In the recent months, my company has been blessed with an explosion of new projects. These projects have kept us very busy. This has lead to hiring another wonderful software developer, Patrick Miller. We rearranged our office seating and changed the way we do things so that we can communicate more effectively and improve the quality of our work. I keep emphasizing to the team the importance of quality, and that the last thing that we should sacrifice is quality of work.
However, that goal is getting harder and harder to achieve. The work keeps pouring in, but it appears that we don't have the resources to get it all done. I'm looking for answers to this problem and would like your comments and input on how you've solved similar problems. Some of the things I've learned or considered:
- Teach myself and my team better stress management techniques. I've realized that much of the "stress" we feel comes from pressures that are imagined or perceived. In other words, if we look at the pressures differently, it will help us cope with and adapt to the stress better.Prolonged stress isn't good so we need to work hard to get coping with it better.
- I liked these paragraph from Wikipedia:"Richard Lazarus and Susan Folkman suggested in 1984 that stress can be thought of as resulting from an “imbalance between demands and resources” or as occurring when “pressure exceeds one's perceived ability to cope”. Stress management was developed and premised on the idea that stress is not a direct response to a stressor but rather one's resources and ability to cope mediate the stress response and are amenable to change, thus allowing stress to be controllable."In order to develop an effective stress management programme it is first necessary to identify the factors that are central to a person controlling his/her stress, and to identify the intervention methods which effectively target these factors. Lazarus and Folkman's interpretation of stress focuses on the transaction between people and their external environment (known as the Transactional Model). The model contends that stress may not be a stressor if the person does not perceive the stressor as a threat but rather as positive or even challenging. Also, if the person possesses or can use adequate coping skills, then stress may not actually be a result or develop because of the stressor. The model proposes that people can be taught to manage their stress and cope with their stressors. They may learn to change their perspective of the stressor and provide them with the ability and confidence to improve their lives and handle all of types of stressors."In other words, I can do the following 1. Identify the sources of stress. 2. Look at them differently if possible. 3. See what can be done to bring the demands / resources ratio back in balance (increase resources, decrease demands, etc.).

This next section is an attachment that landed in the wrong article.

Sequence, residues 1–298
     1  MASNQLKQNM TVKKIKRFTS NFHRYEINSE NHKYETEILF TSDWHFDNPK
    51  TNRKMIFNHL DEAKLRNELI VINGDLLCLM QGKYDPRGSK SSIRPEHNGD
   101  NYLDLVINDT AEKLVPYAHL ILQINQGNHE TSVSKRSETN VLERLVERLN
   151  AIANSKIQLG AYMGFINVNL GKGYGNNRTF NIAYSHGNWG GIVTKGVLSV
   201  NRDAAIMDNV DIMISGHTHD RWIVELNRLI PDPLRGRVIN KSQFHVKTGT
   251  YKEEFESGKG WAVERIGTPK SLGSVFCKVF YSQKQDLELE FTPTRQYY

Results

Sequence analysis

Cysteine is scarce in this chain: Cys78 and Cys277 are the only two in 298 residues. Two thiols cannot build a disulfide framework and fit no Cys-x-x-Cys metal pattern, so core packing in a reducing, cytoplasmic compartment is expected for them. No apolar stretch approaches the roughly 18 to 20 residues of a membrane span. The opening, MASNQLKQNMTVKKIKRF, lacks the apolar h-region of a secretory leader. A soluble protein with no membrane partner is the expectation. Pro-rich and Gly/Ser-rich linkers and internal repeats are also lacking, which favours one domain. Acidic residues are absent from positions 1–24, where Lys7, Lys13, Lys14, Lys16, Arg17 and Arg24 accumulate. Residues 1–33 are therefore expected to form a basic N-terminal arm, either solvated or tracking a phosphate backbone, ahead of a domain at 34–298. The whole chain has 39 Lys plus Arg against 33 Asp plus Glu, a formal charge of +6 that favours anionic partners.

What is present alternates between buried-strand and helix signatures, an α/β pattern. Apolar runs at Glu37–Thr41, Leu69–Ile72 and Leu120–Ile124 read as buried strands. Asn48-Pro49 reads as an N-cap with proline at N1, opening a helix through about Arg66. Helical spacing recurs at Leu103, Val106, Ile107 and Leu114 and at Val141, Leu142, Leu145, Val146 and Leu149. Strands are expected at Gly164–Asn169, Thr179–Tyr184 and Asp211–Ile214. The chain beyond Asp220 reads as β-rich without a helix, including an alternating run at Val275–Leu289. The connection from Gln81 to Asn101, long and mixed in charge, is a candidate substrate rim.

- Tell clients asking for changes that they will have to wait a few days or weeks for things to happen. Explain that it's going to take some time. They will need to be OK with it.
- Bring Patrick up to speed with Django as fast as possible.
- Look to see if I can outsource any of the work that's piling up.
More things I learned about stress management:
- The first step to managing stress is to identify what is stressing you and observe how you react. In my case, these things cause me stress: a disorganized & cluttered home, crying baby, server issues (that's a big one), and a mounting inbox of e-mails I haven't replied to or taken action yet.
- The second step is to take responsibility. I need to realize that I may have habits (such as procrastination and avoidance behavior) or attitudes that induce more stress. Also, there are some things that may be within my control that I need to address (such as the server issues) that could resolve or mitigate that as a stressor. If my attitudes or habits are creating my own stress, I can and should focus on changing those habits.
- The only healthy way to adapt to stress is to change. I need to either change the situation or change my reaction. There are four "A"s to do in regards to the stressor: Avoid, Alter, Accept, Adapt. Choose one and see if that helps your stress level.
- Some other thoughts:
- Avoid self destructive behavior and thoughts: "I'm never going to get this right" "I always mess this up" "I'm no good at this" etc.
- Delegate what you can.
- Manage your time better. By putting the most important things first, it will save a lot of headache
- Avoid procrastination. Doing things at the last minute is always a source of stress.
- Learn to say "no" when you've reached your limit. When you've already have too much to do, taking on more is a recipe for stress.
- Anticipate problems and address those before they become a big problem. You will never have a big problem if you take care of the problem when it's small.
- Take time to relax. Joseph Smith said a bow that's always stringed up will lose its spring. Take time to unstring yourself so that you're more effective in other areas.
This site had some good suggestions for how to deal with and cope with stress properly: http://www.helpguide.org/mental/stressmanagementrelief_coping.htm